Alcohol

  • Published1 Apr 2012
  • Reviewed1 Apr 2012
  • Author
  • Source BrainFacts/SfN

Although legal, alcohol is addictive. Together, alcohol abuse and alcohol addiction — sometimes referred to as alcoholism or alcohol dependence — are among the nation’s major health problems.

It is clear that genetic and environmental factors contribute to alcoholism, but at this point, no single factor or combination of factors enables doctors to predict who will develop an addiction to alcohol. Nearly 17.6 million people abuse alcohol or are alcoholic. Fetal alcohol syndrome, affecting about 1 to 3 of every 1,000 babies born in the United States, is the leading preventable cause of mental retardation. Cirrhosis, or scarring of the liver, is the main chronic health problem associated with alcohol addiction. Other chronic liver diseases are responsible for more than 29,000 deaths each year. The annual cost of alcohol abuse and addiction is estimated at $185 billion.

Ethanol, the active ingredient in alcoholic beverages, is a seductive drug. At first, it reduces anxiety, tension, and behavioral inhibitions. In low doses, it may act as a stimulant, but at higher doses, it acts as a depressant. In both cases, it significantly alters mood and behavior. Too much alcohol can also cause heat loss and dehydration.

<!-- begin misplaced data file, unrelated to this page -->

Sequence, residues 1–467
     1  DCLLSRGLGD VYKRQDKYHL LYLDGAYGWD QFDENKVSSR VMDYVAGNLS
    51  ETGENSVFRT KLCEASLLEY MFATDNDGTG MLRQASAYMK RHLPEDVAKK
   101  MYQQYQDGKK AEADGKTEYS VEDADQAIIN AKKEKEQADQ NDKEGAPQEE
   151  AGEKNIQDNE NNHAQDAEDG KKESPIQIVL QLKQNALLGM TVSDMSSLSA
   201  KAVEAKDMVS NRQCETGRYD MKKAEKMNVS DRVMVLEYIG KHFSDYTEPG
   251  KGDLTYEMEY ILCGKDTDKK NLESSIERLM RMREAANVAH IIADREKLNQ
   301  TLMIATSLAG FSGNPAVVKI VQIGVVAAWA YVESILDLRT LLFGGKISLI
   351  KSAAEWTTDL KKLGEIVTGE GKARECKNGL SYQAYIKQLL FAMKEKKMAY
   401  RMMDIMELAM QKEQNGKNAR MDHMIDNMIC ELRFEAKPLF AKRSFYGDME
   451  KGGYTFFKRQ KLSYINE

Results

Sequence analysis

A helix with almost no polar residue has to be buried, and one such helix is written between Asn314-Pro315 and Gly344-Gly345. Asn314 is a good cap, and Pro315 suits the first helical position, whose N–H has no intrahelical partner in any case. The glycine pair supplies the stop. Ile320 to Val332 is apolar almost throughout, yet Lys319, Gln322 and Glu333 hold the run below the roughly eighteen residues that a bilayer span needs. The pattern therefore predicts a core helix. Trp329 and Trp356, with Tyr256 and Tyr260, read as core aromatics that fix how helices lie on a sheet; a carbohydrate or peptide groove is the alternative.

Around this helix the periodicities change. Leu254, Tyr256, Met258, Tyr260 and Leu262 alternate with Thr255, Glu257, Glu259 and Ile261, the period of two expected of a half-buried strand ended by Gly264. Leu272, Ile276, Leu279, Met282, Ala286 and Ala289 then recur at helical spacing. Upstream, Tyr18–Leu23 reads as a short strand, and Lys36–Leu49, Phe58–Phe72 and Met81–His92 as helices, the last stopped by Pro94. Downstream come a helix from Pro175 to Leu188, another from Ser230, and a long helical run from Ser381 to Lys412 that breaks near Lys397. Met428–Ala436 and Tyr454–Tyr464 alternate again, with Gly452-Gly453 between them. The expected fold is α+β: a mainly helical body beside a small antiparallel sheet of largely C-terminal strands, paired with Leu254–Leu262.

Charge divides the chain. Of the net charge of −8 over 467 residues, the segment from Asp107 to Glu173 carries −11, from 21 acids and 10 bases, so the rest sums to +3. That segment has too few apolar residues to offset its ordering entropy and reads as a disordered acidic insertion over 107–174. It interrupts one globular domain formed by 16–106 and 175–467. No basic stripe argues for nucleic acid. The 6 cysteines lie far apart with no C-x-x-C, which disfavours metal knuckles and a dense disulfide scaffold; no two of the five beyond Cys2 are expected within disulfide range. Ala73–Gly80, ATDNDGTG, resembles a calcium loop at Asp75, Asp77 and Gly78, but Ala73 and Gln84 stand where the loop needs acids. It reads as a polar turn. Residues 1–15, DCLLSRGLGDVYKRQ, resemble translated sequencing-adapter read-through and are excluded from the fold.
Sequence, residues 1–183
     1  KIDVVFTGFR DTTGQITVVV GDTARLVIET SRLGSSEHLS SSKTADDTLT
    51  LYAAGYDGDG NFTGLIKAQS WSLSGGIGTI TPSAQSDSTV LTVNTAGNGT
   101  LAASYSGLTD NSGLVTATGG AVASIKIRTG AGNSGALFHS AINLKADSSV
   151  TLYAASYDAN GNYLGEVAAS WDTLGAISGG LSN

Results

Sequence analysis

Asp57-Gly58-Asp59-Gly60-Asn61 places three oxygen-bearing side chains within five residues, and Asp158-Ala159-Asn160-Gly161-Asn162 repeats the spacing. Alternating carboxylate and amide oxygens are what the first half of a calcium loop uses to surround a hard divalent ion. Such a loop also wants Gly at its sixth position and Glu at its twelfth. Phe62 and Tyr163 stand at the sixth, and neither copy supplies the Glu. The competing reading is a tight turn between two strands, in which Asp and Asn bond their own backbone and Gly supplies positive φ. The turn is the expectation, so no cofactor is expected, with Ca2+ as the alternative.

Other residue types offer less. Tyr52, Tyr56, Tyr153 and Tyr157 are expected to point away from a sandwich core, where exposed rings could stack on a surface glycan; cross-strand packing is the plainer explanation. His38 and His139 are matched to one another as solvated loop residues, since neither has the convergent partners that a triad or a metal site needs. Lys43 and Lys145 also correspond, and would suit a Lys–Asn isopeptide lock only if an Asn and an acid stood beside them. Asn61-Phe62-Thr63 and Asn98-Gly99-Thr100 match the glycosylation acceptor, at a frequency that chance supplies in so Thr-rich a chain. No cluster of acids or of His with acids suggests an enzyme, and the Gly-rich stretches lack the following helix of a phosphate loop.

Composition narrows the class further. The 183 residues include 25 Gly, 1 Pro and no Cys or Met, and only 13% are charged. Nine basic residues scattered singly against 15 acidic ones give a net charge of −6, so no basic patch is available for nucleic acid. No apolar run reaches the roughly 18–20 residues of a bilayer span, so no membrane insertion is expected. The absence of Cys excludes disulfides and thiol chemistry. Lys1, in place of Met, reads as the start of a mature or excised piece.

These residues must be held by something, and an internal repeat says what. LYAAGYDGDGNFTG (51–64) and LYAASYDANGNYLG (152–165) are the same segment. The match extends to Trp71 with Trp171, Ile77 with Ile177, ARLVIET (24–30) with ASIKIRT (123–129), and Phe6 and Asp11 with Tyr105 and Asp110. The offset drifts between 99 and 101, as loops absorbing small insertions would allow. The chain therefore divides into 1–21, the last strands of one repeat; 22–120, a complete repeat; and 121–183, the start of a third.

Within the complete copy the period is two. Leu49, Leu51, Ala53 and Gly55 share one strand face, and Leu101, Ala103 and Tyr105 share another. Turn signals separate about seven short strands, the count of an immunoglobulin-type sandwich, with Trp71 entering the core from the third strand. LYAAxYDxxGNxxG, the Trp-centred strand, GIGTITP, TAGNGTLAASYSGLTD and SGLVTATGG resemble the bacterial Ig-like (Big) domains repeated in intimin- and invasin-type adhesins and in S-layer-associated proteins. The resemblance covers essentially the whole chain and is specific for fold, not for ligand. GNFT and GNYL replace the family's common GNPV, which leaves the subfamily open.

The drug, which is easily absorbed into the bloodstream and the brain, affects several neurotransmitter systems. For example, alcohol’s interaction with the gamma-aminobutyric acid (GABA) receptor can calm anxiety, impair muscle control, and delay reaction time. At higher doses, alcohol also decreases the function of N-methyl-d-aspartate (NMDA) receptors, which recognize the neurotransmitter glutamate. This interaction can cloud thinking and eventually lead to coma.

In addition, animal research has shown that alcohol works by activating the endogenous opioid system. This means that susceptible individuals may feel an opioid-like euphoria from their own endorphins when they drink. Earlier, a medication called naltrexone had been developed for heroin addiction, which also affects the opioid system. Naltrexone works by blocking opioid receptors. Researchers thought that this medication might be effective for alcoholics as well. Clinical trials began in 1983, and in 1995, the U.S. Food and Drug Administration (FDA) approved naltrexone for the treatment of alcoholism.

Content Provided By

BrainFacts/SfN